WRAPUP 3-China's drought could last until Sept as it races to protect harvests
(Adds Ministry of Finance emergency relief fund)
By David Stanway
SHANGHAI, Aug 18 (Reuters) - China warned that severe drought conditions along the Yangtze river could last well into September as local governments race to maintain power and find fresh water to irrigate crops ahead of the autumn harvest.
Beijing has warned of the increasing risk of extreme weather in China as a result of climate change, and heavy rainfall continues to take its toll in other parts of the country. Flooding in the western Chinese province of Qinghai killed 16 people, state media reported on Thursday, with an additional 36 missing.
The Ministry of Finance said on Thursday that it would make 420 million yuan ($61.83 million) of emergency funds available to help local governments provide food and drought relief.
A severe heatwave across the basin of China's longest river, the Yangtze, caused by a large- than-usual Western Pacific subtropical high, has now lasted more than two months, slashing hydropower supplies and parching large expanses of arable land. The river supports about a third of the country's population.
The sprawling southwestern region of Chongqing, where most of the Yangtze's Three Gorges reservoir is located, is scrambling to secure power from other parts of the country as supplies to industry are rationed, state media reported.
China's State Grid also promised to do its utmost to dispatch power to neighbouring Sichuan province, which normally supplies large amounts of surplus hydroelectricity to the east but is now imposing strict consumption controls.
Firms with operations in Sichuan, including CATL, the world's largest battery maker, and Japan's Toyota, have suspended production in the province as a result of the restrictions, according to media reports.
Normal water flows in the region could still be months away, with rainfall expected to remain low until the end of this month and beyond, said Liu Zhiyu, an official at the Ministry of Water Resources, speaking at a briefing on Wednesday.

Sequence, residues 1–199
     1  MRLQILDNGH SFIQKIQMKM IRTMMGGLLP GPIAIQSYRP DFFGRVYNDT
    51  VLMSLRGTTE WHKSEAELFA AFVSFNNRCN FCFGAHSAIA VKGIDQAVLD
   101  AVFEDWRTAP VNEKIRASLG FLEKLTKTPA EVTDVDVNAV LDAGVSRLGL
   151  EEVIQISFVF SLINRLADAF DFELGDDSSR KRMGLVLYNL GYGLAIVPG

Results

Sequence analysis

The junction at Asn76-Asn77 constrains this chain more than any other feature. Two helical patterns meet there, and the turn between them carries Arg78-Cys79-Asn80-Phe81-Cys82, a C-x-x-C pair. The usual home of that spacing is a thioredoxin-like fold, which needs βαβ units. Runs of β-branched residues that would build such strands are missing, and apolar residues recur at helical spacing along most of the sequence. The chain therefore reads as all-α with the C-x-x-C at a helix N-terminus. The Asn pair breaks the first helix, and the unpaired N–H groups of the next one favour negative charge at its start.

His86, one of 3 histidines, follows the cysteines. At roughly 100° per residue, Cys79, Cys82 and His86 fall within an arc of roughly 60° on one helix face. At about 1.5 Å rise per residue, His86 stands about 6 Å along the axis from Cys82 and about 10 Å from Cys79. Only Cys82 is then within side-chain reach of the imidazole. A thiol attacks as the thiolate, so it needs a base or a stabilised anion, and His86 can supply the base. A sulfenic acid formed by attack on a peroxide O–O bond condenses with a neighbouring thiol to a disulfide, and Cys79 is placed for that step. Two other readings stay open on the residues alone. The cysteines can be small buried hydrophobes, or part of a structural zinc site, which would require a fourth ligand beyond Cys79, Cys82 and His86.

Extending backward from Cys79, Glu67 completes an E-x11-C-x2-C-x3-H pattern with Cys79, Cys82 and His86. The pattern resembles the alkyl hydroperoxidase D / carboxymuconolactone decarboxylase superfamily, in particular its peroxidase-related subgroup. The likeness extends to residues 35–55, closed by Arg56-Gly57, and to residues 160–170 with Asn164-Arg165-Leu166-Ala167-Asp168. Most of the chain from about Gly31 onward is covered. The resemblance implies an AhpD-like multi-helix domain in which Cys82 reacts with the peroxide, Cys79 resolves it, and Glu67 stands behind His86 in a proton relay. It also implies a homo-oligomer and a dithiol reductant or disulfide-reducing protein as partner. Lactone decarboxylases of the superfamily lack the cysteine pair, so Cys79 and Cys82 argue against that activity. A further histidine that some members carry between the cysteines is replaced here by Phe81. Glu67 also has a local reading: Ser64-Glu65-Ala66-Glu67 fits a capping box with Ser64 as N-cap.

"It is expected that in September, water inflows in the middle and lower reaches of the Yangtze will still be low, and the drought in Anhui, Hubei, Hunan and Jiangxi could develop further," Liu warned, referring to four major provinces on the middle reaches of the river.
Rainfall in the Yangtze basin has been around 45% lower than normal since July, and high temperatures are likely to persist for at least another week, official forecasts said.
Authorities in the region also warned that temperatures would continue to exceed 40 degrees Celsius (104 Fahrenheit) on Thursday, with parts of Chongqing set to go beyond 44 degrees, putting further pressure on power supplies amid surging air conditioner use.
Controlling water resources is seen as a crucial part of government in China as it tries to guarantee food supplies and secure another bumper harvest.
Rice and other autumn crops were now at a "critical period" when it comes to irrigation, warned Liu Weiping, Vice-Minister of Water Resources, at the Wednesday briefing.
He said around 820,000 hectares (2 million acres) of arable land from Sichuan in the southwest to central China's Anhui have suffered damage, affecting 830,000 people as well as 160,000 head of livestock.
Water levels on the main trunk of the Yangtze and the vital flood basin lakes of Dongting and Poyang are now at least 4.85 metres (16 feet) shallower than normal, and the lowest on record for the period, officials said.
The Yangtze's maritime safety bureau has issued several warnings about low water levels, ordering vessels to reduce their load when passing through shallower parts of the river.
The drought has also highlighted the role played by the cascade of giant hydropower projects in regulating flows on the Yangtze.
Giant upstream reservoirs are now opening their gates to replenish storage levels at the Three Gorges Dam, which will which will release 830 million cubic metres downstream over the coming days. ($1 = 6.7930 yuan) (Reporting by David Stanway in Shanghai and Muyu Xu in Singapore; Editing by Michael Perry and Gerry Doyle)
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